Common dandelion (Taraxacum officinale) seed head growing along the southern perimeter of Creamer's Field Migratory Waterfowl Refuge.
Danby Street, Fairbanks, Alaska: 14 June 2017
Blockbuster Video retail store still open for business in North Pole, Alaska.
320 North Santa Claus Lane, North Pole, Alaska: 14 June 2017
Did you know that Blockbuster Video still has retail locations in business? I did not until Wednesday, 14 June 2017, when I spotted one in Fairbanks and another in nearby North Pole, Alaska. I would pass a third location in Wasilla a few days later. Although there are many unique and wonderful aspects to the forty-ninth state, the sight of Blockbuster Video stores was unanticipated and rather surprising. Knowing that I would learn more after the trip, I hypothesized that high-speed internet must not be widely available or is still too expensive for Alaskans to switch to streaming services.
Even when they were ubiquitous, I never cared for Blockbuster Video. My first experience with them was in the early 1990s after they took over a local video store in Altamonte Springs, Florida where I used to rent movies on VHS cassette as well as the occasional Nintendo game. I recall Blockbuster trying to overcharge by adding late fees for items previously returned on time, that is when they actually had the titles I wanted in stock.
As it turns out, I saw half of the Blockbuster stores still open today in Alaska. In addition to the ones in Fairbanks, North Pole and Wasilla, there are also two stores in Anchorage plus one in Soldotna near Kenai. The six Alaska locations are not the only surviving ones, however; there are also three stores in Oregon and one in Texas for a total of ten nationwide. Despite their continued operation, Blockbuster and other independently-owned video stores in Alaska have not been completely immune to the shifts in how people consume film and television media.
When Dish Network, the satellite television provider that acquired Blockbuster in 2011, announced the closure of the final 300 remaining corporate stores on Wednesday, 06 November 2013, there were thirteen locations in Alaska staying open. As the Midtown Anchorage location prepared to close in September 2016, it was noted that Kenai's store closed earlier in 2016 and that "other locations in Juneau, Kodiak and Anchorage have also gone in recent years." Most recently, the store in Eagle River northeast of Anchorage closed in July 2017.
Returning to my hypothesis, articles published on Wednesday, 26 April 2017 and Sunday, 30 July 2017 support my original conclusion — "internet service is substantially more expensive than in most states, since most data packages are not unlimited." There are additional contributory factors, however.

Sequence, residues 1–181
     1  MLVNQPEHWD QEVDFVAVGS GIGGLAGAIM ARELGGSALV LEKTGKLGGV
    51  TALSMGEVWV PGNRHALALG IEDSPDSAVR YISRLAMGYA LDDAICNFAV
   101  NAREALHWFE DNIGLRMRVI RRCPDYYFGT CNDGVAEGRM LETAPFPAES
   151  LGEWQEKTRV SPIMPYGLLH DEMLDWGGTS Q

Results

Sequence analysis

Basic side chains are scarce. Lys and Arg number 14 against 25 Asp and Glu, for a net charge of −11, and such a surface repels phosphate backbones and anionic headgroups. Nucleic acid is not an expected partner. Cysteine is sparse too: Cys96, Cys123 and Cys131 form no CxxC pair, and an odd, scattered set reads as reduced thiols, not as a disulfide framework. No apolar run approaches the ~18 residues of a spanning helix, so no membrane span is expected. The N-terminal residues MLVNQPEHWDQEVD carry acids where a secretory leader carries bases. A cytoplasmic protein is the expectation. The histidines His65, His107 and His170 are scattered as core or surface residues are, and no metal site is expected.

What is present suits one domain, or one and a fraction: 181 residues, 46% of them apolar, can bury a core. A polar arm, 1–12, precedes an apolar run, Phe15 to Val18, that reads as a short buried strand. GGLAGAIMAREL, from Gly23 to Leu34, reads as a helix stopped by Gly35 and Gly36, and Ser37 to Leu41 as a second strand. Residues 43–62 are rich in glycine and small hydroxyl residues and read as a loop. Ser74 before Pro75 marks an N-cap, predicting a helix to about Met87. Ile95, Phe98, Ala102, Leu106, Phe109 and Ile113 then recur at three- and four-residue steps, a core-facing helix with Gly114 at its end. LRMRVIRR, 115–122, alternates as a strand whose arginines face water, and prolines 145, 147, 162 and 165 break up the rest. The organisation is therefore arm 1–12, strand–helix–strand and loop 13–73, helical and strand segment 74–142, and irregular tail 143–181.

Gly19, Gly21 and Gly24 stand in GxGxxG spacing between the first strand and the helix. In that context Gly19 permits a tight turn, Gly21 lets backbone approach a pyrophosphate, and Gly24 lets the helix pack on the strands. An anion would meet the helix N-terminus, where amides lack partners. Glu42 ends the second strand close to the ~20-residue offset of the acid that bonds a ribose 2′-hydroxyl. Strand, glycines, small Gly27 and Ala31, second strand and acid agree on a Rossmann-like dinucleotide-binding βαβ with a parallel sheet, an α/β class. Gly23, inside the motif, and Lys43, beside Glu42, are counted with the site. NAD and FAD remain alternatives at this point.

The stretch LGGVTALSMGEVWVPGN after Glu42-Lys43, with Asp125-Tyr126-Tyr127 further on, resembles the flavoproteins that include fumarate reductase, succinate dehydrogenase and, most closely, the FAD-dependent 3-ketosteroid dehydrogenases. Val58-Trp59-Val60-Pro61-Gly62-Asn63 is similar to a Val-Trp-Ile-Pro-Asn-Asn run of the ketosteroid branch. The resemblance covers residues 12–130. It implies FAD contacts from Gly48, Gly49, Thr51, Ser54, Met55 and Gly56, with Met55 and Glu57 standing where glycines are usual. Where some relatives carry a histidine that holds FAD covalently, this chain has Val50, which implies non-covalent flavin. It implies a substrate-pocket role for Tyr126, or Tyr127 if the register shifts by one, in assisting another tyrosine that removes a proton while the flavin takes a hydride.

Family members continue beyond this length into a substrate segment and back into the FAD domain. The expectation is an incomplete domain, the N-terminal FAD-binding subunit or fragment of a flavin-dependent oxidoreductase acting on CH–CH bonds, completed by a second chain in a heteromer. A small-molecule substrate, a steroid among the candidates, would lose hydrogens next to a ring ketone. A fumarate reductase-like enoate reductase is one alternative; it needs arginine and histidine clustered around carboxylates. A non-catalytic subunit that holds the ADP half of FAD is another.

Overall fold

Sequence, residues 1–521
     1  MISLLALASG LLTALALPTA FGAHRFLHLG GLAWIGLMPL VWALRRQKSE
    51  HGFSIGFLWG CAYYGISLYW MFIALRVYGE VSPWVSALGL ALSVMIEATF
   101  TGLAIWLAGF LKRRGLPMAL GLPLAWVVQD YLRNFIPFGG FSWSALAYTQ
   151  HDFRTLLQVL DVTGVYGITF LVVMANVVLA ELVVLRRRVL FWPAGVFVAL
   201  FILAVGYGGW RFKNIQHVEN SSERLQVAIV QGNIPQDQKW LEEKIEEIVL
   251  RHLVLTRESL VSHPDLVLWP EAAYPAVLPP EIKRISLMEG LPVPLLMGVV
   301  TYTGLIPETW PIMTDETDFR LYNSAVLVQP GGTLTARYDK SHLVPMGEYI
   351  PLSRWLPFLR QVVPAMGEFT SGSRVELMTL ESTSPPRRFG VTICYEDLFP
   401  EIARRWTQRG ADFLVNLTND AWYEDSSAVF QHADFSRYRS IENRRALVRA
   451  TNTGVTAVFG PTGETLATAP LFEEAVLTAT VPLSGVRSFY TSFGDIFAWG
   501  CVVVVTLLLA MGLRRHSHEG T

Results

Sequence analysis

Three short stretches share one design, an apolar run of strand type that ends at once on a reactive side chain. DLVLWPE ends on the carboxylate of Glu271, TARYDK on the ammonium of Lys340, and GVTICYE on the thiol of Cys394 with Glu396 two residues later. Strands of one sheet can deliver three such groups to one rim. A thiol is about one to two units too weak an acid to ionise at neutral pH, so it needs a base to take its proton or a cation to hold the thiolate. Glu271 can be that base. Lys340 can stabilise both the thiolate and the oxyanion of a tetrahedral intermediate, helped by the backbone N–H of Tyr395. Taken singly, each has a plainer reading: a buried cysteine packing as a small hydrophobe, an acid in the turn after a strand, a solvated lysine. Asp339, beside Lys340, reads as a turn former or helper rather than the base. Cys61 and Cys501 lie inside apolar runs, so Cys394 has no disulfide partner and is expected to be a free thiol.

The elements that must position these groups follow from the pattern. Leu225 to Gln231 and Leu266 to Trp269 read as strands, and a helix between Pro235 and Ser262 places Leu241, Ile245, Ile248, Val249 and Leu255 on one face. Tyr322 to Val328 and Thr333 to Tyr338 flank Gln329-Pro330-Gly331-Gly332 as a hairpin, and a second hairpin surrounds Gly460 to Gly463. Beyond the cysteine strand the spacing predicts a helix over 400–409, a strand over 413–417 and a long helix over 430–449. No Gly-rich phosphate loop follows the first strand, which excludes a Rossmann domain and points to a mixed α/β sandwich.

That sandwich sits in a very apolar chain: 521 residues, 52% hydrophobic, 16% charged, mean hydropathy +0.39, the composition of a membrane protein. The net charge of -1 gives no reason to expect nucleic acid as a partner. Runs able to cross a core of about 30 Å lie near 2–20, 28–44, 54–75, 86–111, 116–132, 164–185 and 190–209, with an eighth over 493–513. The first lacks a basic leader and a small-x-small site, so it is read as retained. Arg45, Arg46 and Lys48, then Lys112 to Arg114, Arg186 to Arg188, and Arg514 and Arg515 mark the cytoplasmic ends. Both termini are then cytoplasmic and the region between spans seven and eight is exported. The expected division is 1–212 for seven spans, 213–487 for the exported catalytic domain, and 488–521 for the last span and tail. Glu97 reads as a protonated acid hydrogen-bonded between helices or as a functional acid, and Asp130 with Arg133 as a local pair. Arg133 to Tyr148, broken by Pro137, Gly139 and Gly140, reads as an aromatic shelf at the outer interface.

First, Alaska has a strong but small retail market. Even as stores in the lower forty-eight close, locations in Alaska frequently remain open. Reasons cited include a lack of retail supersaturation, fewer competing businesses and the high cost (and long wait times) for shipping items purchased online to Alaska addresses. Second, many Alaskans have higher median household incomes than in other states. Third, Alaskans maintain a desire to use retail outings to socialize in a place where winter is very cold, dark and long.
Even as their website proclaims that "Blockbuster stores may be a thing of the past," there continues to be a market in Alaska for the traditional way of browsing the rows and rows of titles and renting videos for home entertainment. With the closures over the past two years alone, Blockbuster's future and that of local video retailers is far from certain in the last frontier. Even if broadband internet becomes more affordable, there is still the social aspect to help keep the businesses afloat. I may feel no nostalgia for Blockbuster, but the closure of the remaining video stores in Alaska will signal the unfortunate conclusion of an era.
The moon partially obscures the sun during a total solar eclipse on Monday, 21 August 2017.
1430 Ocala Road, Tallahassee, Florida: 21 August 2017
part of the Solar Eclipse 2017 album
Watching the live video feed from Oregon earlier today, I regretted not travelling to an area that would experience solar eclipse totality. A combination of factors ultimately led to my decision to stay in town rather than trek up to a national park in Tennessee or South Carolina; none of those reasons seemed particularly important after watching day turn to night in towns coast to coast.